Off-setting the trail intersection and creating two three-way intersections rather than one four-way intersection;
Designing a level and smooth physical connection between the two trail surfaces;
Providing signs at the intersection that clearly indicate the desired direction of travel, user right-of-way, and the numerous
possible destinations and their distances;
Providing sign formats in high use areas, such as audible recording devices, that are accessible to individuals with vision
impairments and those who have a limited ability to read text;
Clearly indicating, through signs barriers, the allowed user groups; and
Providing signage with Trail Access Information to communicate grade, cross-slope, trail width, and obstacle information.

Figure 16-4. When a trail intersects another trail, providing signs that clearly indicate which users have the right of way will help
mitigate conflict.
16.2 Bridges
Bridges are common trail structures used to traverse waterways or other trail barriers, such as ravines or rivers. Bridges should be
Chapter 16. Trail Crossings - FHWA
file:///C|/..._12-9-09/~National%20Level/Federal%20Highway%20Administration_Chapter%2016.%20Trail%20Crossings_sidewalks216.htm[1/3/2010 6:09:48 AM]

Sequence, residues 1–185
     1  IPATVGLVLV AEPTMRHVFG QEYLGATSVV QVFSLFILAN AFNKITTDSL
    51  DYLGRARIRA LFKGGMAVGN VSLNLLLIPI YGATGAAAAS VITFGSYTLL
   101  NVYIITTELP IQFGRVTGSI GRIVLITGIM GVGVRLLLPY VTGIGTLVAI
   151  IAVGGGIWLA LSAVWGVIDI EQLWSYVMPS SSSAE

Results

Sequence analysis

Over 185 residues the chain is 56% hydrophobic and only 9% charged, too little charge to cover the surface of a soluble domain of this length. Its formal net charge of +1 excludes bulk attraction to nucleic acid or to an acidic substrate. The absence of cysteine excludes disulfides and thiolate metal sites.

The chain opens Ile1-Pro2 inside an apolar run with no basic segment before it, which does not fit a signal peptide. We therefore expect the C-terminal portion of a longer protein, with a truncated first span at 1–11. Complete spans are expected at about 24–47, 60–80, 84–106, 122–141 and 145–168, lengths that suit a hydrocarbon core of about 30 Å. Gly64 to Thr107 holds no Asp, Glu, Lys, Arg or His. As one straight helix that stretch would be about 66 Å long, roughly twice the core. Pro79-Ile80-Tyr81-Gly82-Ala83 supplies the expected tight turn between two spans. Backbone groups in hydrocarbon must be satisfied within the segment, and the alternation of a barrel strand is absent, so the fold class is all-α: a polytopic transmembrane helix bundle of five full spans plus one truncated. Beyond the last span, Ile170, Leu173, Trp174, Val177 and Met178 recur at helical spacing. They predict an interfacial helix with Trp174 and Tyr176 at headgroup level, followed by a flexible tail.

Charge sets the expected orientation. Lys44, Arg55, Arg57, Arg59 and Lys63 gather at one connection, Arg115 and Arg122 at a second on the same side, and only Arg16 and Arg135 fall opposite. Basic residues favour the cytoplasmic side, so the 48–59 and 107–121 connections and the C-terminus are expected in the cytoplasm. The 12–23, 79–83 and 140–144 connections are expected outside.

designed for the various types of anticipated trail users. Additional skills and abilities should not be necessary to negotiate the
bridge. For example, a trail that provides adequate tread width and access to pedestrians with mobility impairments should not rely
on a log bridge or step stone crossing. The following considerations should be included when designing bridges:

Figure 16-5. PROBLEM: The design of a trail crossing should be consistent with the trail leading up to it. In this illustration, a split
log crossing is provided, but a bridge would be more appropriate.
Change in level - Bridges should be flush with the trail surface;
Handrails - Handrails should be considered to protect all bridge users and provide a gripping surface to maintain balance or
support. If handrails are provided, they should be designed according to ADAAG 4.26; the top rail should be at least 1.1 m
(43 in) above the ground;
Alignment - Bridges should be aligned so that users can adequately see and prepare for the transition between the trail and
bridge. Steep ramps or steps should be avoided at the bridge approach;
Dimensions - On shared-use paths, bridges should be as wide as the path with a 610 mm (2 ft) buffer on either side.

Ideally, bridges on recreation trails should also be as wide as the paths leading up to them; however, a minimum width of 915
mm (36 in) is critical. Bridges should be wide enough to accommodate the type of trail user, such as bicyclist, snowmobile,
and all terrain vehicle driver; and

Bridges - Bridges should not be arched but have flat grades.
Figure 16-6. POTENTIAL PROBLEM: If the bridge is not flush with the trail surface, people with mobility impairments may be denied
access.